House Bill 266, which would have required people using short-term housing rental services such as Airbnb to pay lodgers taxes, which are charged on regular hotel room bills. Martinez said she vetoed the bill because “tourism in our state is flourishing, and the prevalence of short-term property rentals helps bring more and more people to see what New Mexico has to offer.” Even without the legislation, the cities of Santa Fe and Taos have reached agreements on their own to collect taxes from Airbnb.

House Bill 393, which would have created a special license plate celebrating green chile. For supporters of the bill, the proposal took on urgency when Colorado announced plans for a license plate featuring the Pueblo green chile. But Martinez said she believes a license plate celebrating New Mexico’s renowned peppers should be available to drivers without the additional cost of a specialty plate. She said she directed state agencies to create a standard issue license plate featuring the chile.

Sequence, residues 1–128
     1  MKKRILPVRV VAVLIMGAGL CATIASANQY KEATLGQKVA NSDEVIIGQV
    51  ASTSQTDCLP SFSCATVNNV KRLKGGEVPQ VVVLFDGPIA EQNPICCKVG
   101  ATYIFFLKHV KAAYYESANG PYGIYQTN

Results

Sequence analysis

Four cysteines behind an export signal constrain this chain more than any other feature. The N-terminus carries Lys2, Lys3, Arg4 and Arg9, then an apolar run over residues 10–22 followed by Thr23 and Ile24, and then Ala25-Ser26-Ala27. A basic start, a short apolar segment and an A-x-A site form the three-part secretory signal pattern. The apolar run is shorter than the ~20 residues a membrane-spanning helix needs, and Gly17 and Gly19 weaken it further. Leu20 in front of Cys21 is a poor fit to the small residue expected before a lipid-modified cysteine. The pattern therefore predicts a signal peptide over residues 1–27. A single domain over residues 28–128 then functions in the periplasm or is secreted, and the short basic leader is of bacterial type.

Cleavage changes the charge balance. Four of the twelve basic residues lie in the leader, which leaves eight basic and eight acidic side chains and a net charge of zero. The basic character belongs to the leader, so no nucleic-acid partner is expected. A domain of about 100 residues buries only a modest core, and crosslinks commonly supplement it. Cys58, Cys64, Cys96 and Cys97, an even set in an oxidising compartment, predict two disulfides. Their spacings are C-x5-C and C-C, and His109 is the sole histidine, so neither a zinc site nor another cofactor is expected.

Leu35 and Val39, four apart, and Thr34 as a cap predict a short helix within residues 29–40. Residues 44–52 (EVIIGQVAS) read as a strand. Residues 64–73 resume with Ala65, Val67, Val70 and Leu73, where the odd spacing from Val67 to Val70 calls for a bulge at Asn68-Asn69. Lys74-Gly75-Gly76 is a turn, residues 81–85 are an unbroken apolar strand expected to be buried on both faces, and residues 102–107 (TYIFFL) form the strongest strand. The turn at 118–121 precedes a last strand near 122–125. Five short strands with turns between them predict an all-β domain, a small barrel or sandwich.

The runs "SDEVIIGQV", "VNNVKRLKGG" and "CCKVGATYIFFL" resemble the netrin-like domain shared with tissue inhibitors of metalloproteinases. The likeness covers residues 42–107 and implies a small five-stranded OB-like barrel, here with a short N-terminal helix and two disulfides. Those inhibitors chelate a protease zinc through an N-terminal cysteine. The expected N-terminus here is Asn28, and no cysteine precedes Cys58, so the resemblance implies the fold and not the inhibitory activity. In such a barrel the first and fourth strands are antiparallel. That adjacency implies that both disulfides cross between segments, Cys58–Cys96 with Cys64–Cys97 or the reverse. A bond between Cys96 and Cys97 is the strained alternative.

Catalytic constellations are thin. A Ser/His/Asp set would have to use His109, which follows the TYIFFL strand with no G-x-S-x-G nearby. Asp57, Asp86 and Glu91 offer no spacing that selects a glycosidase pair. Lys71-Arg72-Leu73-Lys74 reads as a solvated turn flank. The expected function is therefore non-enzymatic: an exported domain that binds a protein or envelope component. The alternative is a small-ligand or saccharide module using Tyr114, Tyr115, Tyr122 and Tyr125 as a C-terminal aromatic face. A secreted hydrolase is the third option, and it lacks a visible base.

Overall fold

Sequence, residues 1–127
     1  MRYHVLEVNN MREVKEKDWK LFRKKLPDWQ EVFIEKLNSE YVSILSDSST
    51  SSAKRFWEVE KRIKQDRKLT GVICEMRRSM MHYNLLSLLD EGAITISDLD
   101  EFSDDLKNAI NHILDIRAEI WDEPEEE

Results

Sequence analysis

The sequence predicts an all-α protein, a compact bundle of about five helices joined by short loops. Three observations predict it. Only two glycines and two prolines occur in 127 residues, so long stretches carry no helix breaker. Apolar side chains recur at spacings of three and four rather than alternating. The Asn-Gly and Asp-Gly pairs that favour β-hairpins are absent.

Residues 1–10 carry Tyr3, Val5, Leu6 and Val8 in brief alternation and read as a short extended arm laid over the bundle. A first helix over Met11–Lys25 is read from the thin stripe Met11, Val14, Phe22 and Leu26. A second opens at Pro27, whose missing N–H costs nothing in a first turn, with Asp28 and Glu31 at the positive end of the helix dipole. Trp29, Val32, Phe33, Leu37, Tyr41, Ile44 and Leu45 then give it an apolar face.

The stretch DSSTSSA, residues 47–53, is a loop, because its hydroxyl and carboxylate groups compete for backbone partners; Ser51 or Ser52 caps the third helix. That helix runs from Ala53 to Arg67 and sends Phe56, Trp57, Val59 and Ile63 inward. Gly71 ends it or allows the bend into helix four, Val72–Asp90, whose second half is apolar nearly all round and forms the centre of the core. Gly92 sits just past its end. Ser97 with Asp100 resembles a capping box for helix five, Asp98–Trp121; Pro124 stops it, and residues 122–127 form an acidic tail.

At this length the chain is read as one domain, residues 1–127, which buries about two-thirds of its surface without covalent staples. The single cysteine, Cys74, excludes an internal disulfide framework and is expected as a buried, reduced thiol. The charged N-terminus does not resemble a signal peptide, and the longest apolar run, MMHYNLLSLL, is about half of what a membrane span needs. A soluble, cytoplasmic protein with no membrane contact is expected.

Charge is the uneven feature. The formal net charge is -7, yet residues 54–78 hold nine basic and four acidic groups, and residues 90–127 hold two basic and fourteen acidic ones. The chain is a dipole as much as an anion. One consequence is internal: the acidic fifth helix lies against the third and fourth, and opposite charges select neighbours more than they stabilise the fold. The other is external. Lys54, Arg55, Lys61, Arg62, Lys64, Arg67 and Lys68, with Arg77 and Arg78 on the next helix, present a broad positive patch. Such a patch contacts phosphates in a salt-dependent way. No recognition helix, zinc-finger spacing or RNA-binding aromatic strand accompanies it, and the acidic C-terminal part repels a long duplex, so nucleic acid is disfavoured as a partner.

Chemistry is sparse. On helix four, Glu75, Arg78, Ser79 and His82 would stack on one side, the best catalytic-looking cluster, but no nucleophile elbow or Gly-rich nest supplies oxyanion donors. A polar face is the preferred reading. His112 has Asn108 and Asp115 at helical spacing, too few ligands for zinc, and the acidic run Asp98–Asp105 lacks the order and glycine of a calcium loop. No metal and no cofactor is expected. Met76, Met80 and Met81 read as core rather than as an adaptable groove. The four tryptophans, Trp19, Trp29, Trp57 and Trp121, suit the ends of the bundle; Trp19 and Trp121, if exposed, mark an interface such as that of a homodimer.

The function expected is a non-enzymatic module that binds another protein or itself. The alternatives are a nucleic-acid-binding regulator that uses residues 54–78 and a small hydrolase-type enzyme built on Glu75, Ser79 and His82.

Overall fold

Senate Bill 19, which would have helped place foster children removed from their parents in the homes of family members who passed a background check. Martinez said the bill was unnecessary because the state Children, Youth and Families Department is already trying to place children with relatives — which is required by federal regulations.

Senate Bill 80, which would have required the state to coordinate with local and regional emergency medical services to develop and implement triage and transport plans for heart attack patients. Martinez vetoed the measure even though officials from her own Department of Health testified in support of it during committee hearings. The bill passed with no opposition in either the House or Senate. “While this coordination is important, nothing currently prohibits local and regional emergency medical services from doing this voluntarily,” Martinez wrote. Bill sponsor Sen. Howie Morales, D-Silver City, called the veto “beyond reason,” saying the bill could have helped save the lives of over 3,000 New Mexicans.